As for Toronto’s excuse this time around, the team insists that Guerrero needs more regular at-bats before he gets promoted—a desire complicated by bad weather last weekend in Buffalo. Ah well, it’s a shame the Jays don’t have a climate-controlled stadium—perhaps a dome with an alternate, Canadian spelling of “Center”—where Vlad Jr. could take his hacks without worrying about rain.
This Week In … Who Needs Craig Kimbrel?
Every week until he’s signed, I’ll take a look at which teams need free agent Craig Kimbrel, one of the best relievers in baseball, the most, and declare one the “winner.”
The clamor around Kimbrel has fallen to hushed levels. The only recent news is that he’s reportedly willing to accept a three-year deal somewhere between Zack Britton ($39 million) and Wade Davis ($52 million). Left unsaid is that such a contract would be a steal for Kimbrel, who’s demonstrably better than either of those pitchers and would make literally any bullpen better and stronger.
That remains the case even as some of those bullpens have begun to find a more stable level, like the Cubs and Phillies. Others remain horror shows, such as the Nationals and their slowly improving yet still wretched relief corps and its airplane model ERA (7.41).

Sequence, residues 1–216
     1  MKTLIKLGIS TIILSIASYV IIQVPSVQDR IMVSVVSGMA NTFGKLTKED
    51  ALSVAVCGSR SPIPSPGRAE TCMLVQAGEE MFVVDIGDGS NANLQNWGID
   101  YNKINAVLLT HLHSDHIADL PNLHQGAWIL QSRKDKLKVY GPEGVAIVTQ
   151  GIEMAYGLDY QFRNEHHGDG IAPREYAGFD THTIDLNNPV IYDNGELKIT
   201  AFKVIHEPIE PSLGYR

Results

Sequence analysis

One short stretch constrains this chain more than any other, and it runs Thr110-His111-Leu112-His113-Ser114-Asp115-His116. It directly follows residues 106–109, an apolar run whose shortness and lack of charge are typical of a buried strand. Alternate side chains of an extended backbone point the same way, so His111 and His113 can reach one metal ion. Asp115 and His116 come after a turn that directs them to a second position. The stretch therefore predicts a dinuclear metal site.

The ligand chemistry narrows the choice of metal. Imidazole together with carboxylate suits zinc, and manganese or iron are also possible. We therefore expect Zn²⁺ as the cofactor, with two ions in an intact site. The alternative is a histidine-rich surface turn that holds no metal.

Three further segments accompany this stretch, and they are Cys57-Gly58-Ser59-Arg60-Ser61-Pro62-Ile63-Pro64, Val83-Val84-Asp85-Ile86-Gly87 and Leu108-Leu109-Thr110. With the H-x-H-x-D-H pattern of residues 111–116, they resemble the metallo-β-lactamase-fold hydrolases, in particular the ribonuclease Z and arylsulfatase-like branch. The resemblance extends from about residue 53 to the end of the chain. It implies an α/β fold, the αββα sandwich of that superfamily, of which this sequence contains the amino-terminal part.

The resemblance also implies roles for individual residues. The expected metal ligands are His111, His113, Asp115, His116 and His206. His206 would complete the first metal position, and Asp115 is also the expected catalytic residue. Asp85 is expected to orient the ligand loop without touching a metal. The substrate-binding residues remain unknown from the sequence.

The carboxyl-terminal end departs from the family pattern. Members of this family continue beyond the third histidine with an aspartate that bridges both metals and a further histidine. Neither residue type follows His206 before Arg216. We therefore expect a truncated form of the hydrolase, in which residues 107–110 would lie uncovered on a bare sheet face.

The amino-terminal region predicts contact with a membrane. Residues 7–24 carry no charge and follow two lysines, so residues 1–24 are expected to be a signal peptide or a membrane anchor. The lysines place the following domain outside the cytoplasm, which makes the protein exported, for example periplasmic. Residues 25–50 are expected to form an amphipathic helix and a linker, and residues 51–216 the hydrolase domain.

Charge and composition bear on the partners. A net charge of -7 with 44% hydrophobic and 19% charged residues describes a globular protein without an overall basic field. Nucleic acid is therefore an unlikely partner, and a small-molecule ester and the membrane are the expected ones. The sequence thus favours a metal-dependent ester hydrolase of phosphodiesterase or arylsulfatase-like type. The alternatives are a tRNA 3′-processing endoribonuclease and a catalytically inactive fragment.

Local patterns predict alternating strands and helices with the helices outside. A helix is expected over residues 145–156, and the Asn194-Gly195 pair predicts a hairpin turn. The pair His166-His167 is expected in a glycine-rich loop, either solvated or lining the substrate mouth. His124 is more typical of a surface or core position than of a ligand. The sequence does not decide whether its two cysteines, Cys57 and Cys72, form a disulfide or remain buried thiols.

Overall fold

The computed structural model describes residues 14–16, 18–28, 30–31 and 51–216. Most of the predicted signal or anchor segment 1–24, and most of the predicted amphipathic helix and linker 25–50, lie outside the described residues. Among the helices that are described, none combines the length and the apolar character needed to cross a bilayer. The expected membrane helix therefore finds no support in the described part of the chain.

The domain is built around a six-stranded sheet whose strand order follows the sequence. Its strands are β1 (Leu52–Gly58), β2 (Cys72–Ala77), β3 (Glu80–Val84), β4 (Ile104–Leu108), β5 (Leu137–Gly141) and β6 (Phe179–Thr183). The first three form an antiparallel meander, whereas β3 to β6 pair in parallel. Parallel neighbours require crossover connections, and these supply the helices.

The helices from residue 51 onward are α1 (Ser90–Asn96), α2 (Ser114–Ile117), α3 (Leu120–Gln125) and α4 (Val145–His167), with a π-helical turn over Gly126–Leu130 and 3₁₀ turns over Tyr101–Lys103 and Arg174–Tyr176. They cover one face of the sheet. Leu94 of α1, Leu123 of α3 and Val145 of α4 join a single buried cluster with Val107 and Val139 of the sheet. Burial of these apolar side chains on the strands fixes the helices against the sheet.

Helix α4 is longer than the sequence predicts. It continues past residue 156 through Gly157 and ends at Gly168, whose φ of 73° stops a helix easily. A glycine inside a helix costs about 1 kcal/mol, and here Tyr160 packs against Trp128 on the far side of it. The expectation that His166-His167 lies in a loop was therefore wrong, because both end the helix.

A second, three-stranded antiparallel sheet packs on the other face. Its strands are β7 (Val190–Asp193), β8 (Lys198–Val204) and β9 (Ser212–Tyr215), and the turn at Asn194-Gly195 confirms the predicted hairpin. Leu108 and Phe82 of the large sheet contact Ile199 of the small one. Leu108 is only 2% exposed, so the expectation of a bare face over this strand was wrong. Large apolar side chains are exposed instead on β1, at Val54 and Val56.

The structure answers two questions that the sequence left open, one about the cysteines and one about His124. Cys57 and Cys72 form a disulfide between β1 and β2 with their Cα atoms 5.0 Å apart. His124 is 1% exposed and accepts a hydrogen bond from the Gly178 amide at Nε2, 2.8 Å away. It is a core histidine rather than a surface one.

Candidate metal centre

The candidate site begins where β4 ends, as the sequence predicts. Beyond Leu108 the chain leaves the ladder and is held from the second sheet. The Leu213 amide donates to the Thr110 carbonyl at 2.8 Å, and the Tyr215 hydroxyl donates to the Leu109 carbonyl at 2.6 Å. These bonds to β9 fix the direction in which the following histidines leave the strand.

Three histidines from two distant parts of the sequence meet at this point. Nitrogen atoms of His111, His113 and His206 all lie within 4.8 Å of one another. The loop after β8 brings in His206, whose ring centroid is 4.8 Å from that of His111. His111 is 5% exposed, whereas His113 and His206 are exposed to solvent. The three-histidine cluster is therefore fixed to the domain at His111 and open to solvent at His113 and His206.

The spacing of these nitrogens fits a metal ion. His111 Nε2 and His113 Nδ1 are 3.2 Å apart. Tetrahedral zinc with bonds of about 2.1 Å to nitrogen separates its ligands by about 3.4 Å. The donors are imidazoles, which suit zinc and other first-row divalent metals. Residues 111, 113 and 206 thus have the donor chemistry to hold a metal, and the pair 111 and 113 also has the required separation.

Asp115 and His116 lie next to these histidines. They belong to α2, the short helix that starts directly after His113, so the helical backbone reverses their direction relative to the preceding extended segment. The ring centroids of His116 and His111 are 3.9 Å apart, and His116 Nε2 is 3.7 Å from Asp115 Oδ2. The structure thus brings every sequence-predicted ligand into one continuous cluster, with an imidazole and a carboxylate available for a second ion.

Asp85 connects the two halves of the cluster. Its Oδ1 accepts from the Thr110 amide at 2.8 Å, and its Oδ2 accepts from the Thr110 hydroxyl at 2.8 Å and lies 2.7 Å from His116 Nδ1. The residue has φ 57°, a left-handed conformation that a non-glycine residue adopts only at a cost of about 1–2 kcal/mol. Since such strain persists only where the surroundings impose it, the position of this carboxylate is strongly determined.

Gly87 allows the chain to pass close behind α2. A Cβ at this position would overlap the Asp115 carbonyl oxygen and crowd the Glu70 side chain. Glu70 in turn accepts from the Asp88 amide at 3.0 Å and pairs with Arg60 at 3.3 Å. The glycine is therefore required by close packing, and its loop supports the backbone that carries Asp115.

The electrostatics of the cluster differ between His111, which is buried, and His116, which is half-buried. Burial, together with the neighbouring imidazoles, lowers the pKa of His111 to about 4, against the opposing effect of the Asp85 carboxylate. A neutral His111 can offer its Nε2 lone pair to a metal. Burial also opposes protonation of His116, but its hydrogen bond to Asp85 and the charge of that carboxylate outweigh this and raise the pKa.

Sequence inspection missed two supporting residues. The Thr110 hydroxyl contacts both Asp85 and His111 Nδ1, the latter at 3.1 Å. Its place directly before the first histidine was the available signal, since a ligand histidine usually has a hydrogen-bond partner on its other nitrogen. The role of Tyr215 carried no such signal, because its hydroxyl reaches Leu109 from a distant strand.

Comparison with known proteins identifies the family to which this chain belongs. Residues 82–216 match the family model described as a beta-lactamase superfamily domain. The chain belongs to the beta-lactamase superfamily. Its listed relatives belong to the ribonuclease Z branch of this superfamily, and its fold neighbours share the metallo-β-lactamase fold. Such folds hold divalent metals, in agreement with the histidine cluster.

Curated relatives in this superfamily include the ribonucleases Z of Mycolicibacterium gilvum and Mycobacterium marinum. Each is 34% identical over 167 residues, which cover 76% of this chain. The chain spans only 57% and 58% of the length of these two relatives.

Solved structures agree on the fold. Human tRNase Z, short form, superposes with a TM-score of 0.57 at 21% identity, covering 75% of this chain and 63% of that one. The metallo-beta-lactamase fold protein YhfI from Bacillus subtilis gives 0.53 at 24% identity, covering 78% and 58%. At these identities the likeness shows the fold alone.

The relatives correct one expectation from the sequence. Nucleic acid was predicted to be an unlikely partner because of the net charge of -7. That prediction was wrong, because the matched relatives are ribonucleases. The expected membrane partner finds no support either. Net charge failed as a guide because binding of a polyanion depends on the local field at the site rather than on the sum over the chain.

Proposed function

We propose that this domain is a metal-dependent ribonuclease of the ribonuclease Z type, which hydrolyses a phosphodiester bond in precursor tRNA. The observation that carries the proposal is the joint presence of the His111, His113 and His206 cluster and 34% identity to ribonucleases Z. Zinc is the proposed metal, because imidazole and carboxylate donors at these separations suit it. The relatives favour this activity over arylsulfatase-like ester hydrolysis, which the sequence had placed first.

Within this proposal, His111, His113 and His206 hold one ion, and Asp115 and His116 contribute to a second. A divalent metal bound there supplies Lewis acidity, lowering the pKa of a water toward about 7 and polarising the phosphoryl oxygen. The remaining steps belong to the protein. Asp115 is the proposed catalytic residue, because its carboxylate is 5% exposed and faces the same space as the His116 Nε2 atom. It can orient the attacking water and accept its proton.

This week, though, the honor of Kimbrel goes to the Mets, currently cycling through middling Triple A arms en route to a 5.69 bullpen ERA. That isn’t helped by the team’s steadfast and archaic refusal to use Edwin Díaz—one of the few relievers in baseball better than Kimbrel—as anything other than a Three-Out Closer In The Ninth Only, No Exceptions. That’s well and good if you have someone like Craig Kimbrel also in your bullpen. It’s a less tenable plan when your other options are Jeurys Familia (5.59 ERA), Seth Lugo (5.68) and Luis Avilan (11.25).
Also receiving votes: Nationals, Phillies, Cubs, Dodgers, Brewers, Twins, Braves, Mariners, and like half a dozen more teams, I honestly can’t keep track at this point
This Week In … Juvenile Numerology!
On Saturday against the Dodgers, Christian Yelich bopped a pair of homers to lead Milwaukee to a 5–0 win. Both of those blasts came off lefty Hyun-Jin Ryu, but it’s the second that I want to pay close attention to.
As far as home runs go, it was both textbook and beautiful. But what got me about this particular dinger were the details—in particular, distance and pitch speed. Ryu’s curveball came floating in at 68.8 mph; Yelich’s shot went an estimated 421 feet. That’s right: Just two-tenths of a mile and 12 inches separated the world from a Perfect Home Run.